Using the Ternary Operator in PHP

This tutorial takes you through how to use the ternary operator in the PHP programming language.

PHP Ternary Operator

The ternary operator in PHP is a conditional operator that allows you to execute a statement based on whether a condition is true or false.

Using the ternary operator is just like writing an “if…else” statement in PHP, but more concise and potentially more readable.

This PHP operator is best used when you need to assign a variable a value based on whether a condition is true or false. It allows you to cut down what would be five lines of code down to one.

Over the following few sections, you will learn the syntax of the ternary operator and the various ways that you can use this operator.

Syntax of the PHP Ternary Operator

Let us start by exploring the syntax of the ternary operator in PHP. The syntax will give you an idea of how the operator is written.

The ternary operator is written using a question mark (?), followed by a colon (:). These two symbols can be written separated like “? :” or using the shorting hand version with both symbols next to each other “?:“.

The behavior of the operator does change slightly depending on how it is written.

Longhand Syntax

Let us start with the separated version of the ternary operator in PHP. With this, you will have three different operands.

The first operand is the condition that PHP evaluates as true or false.

After that, you write a question mark (?), followed by the expression that PHP will run if the condition is true.

Finally, you will write a colon (:), followed by the expression you want to be executed if the condition was false.

CONDITION ? TRUE_EXPRESSION : FALSE_EXPRESSION;

If the condition (CONDITION) is true, PHP will return the left expression (TRUE_EXPRESSION).

If the condition (CONDITION) is false, PHP will return the right expression (FALSE_EXPRESSION).

Shorthand Syntax

The ternary operator also has a shorthand syntax that allows you to remove the middle expression. This shorthand version of the operator is useful when the condition you want to be evaluated contains the value you want to be returned.

First, you write a condition that PHP will evaluate. With the shorthand ternary operator in PHP, this condition is the value that PHP will return if the condition is true.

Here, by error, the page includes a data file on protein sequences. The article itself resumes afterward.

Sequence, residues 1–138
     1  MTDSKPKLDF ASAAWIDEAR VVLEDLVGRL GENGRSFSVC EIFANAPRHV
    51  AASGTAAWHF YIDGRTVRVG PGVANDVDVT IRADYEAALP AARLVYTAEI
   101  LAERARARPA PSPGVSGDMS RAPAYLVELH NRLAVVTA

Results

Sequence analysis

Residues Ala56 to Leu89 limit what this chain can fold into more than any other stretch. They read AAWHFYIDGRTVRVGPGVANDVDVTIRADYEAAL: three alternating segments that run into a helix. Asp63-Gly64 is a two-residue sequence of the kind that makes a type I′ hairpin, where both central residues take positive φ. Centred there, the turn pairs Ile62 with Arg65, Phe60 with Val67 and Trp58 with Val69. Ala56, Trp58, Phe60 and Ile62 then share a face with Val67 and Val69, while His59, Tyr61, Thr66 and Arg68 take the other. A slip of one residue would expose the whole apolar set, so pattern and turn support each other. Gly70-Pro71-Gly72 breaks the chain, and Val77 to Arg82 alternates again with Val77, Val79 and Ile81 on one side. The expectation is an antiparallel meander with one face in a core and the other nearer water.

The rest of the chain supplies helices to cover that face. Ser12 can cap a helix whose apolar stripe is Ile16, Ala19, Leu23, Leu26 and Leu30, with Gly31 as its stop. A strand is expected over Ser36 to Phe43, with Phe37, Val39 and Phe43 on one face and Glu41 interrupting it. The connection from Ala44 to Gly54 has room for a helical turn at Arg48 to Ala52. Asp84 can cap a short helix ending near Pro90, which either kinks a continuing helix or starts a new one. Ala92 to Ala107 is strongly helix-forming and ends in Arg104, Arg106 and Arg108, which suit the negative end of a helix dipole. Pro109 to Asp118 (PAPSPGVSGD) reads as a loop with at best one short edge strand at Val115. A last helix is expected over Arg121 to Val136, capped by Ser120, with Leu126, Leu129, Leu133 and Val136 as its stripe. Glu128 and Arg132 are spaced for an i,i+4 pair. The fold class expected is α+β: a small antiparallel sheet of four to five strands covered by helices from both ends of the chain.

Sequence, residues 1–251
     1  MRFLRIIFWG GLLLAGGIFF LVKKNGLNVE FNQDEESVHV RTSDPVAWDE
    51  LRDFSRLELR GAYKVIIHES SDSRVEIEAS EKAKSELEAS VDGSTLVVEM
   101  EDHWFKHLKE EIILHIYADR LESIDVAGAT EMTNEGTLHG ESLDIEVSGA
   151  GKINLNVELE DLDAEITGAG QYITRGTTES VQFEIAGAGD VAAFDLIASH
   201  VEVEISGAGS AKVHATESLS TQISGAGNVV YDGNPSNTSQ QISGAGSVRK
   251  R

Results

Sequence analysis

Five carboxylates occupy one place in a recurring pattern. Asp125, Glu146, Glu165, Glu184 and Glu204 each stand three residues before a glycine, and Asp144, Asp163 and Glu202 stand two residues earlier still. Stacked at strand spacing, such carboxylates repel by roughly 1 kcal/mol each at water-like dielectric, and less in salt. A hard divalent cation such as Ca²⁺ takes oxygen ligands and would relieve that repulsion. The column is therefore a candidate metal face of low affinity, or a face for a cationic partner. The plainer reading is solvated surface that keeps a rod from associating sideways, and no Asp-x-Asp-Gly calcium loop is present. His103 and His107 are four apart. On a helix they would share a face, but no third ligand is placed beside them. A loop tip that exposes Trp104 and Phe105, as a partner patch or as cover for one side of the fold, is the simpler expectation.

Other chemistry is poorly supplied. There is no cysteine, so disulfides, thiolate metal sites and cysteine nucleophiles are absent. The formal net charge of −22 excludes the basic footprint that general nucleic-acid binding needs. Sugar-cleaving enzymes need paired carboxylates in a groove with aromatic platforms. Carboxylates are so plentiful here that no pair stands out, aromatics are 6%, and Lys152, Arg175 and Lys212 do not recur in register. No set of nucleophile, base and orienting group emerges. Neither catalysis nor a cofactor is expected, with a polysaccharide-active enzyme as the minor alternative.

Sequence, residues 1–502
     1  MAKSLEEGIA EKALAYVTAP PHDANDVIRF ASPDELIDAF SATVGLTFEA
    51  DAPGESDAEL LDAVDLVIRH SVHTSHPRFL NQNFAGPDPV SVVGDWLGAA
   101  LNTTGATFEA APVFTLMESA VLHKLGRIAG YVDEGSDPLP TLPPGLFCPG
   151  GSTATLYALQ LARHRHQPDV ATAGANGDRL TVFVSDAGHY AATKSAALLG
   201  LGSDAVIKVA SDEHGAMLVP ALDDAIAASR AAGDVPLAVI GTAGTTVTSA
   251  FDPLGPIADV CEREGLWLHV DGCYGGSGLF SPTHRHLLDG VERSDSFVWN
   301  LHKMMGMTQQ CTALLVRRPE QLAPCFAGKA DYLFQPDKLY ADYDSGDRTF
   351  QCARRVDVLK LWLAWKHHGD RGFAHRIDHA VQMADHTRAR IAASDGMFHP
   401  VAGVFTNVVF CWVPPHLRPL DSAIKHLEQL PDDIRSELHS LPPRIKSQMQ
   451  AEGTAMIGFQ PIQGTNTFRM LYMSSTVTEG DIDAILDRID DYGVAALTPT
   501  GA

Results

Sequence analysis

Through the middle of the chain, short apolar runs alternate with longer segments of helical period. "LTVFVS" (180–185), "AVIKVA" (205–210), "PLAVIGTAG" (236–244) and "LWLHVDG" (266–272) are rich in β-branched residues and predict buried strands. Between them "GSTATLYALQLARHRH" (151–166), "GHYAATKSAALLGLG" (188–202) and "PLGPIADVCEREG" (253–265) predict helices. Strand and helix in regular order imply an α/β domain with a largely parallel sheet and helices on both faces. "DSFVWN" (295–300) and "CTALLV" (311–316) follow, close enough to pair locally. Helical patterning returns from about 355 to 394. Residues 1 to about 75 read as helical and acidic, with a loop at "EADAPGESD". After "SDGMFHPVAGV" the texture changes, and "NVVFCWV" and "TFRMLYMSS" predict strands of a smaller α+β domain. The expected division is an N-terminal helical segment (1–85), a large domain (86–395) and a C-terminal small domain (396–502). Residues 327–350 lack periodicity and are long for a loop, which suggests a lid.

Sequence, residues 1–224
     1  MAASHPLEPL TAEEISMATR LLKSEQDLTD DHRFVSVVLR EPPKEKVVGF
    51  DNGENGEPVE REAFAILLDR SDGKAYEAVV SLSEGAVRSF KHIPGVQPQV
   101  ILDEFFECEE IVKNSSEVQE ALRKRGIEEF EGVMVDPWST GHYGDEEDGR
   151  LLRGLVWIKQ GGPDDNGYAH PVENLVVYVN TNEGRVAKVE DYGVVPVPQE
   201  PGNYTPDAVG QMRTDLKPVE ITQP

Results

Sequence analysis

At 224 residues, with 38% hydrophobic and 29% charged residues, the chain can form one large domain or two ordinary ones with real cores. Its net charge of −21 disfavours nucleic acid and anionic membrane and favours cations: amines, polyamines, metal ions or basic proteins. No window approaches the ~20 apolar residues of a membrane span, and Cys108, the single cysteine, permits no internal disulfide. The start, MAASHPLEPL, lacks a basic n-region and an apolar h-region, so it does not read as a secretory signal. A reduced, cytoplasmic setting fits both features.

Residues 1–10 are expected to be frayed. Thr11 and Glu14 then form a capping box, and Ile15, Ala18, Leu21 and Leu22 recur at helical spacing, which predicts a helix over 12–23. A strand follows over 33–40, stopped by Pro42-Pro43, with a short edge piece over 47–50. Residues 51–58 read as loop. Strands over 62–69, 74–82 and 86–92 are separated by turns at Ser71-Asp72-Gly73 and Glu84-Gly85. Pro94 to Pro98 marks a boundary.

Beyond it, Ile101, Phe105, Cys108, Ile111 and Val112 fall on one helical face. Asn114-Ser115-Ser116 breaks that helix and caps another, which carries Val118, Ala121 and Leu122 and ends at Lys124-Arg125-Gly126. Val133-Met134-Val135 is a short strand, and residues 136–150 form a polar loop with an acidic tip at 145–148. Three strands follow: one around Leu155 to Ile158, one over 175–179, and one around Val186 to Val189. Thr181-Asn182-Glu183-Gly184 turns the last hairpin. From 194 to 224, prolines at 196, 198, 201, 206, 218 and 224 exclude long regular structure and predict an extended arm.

After the condition, you will write the question mark (?) followed immediately by the colon symbol (:).

Finally, write the expression you want to be evaluated if the condition is false.

CONDITION ?: FALSE_EXPRESSION;

If the condition (CONDITION) is true, PHP will return the condition expression.

If the condition (CONDITION) is false, PHP will return the right expression (FALSE_EXPRESSION).

Using the Ternary Operator in PHP

Now that we know the syntax of the ternary operator, let us show you a couple of ways that you can utilize this operator in PHP.

Basic Usage of the Ternary Operator in PHP

For our first example, we will explore the basic usage of the ternary operator within PHP.

We start this example by creating a variable called “$count” and assigning it the value 20.

On our following line, we use PHP’s ternary operator to assign a value to our “$text” variable. For our condition, we are checking whether our “$count” variable is less than 30.

If the value is less than 30, the PHP string "Count is less than 30" will be returned to the variable.

However, if the value is greater than or equal to 30, the variable will be set to "Count is greater than 30".

We use the echo statement in PHP to print the final value stored in our “$text” variable.

<?php

$count = 20;

$text = ($count < 30) ? "Count is less than 30" : "Count is greater than 30";